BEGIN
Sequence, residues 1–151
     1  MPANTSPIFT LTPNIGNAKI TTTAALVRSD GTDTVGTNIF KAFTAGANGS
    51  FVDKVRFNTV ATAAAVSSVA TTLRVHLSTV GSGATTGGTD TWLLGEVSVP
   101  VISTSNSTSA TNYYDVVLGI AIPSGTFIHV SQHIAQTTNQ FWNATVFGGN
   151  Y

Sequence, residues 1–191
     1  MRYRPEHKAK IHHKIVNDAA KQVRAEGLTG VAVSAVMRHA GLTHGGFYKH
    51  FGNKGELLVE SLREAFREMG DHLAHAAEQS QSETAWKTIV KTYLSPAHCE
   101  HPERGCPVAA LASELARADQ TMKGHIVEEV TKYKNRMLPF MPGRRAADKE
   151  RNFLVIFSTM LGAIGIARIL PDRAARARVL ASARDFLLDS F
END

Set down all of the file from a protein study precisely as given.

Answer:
Sequence, residues 1–151
     1  MPANTSPIFT LTPNIGNAKI TTTAALVRSD GTDTVGTNIF KAFTAGANGS
    51  FVDKVRFNTV ATAAAVSSVA TTLRVHLSTV GSGATTGGTD TWLLGEVSVP
   101  VISTSNSTSA TNYYDVVLGI AIPSGTFIHV SQHIAQTTNQ FWNATVFGGN
   151  Y

Sequence, residues 1–191
     1  MRYRPEHKAK IHHKIVNDAA KQVRAEGLTG VAVSAVMRHA GLTHGGFYKH
    51  FGNKGELLVE SLREAFREMG DHLAHAAEQS QSETAWKTIV KTYLSPAHCE
   101  HPERGCPVAA LASELARADQ TMKGHIVEEV TKYKNRMLPF MPGRRAADKE
   151  RNFLVIFSTM LGAIGIARIL PDRAARARVL ASARDFLLDS F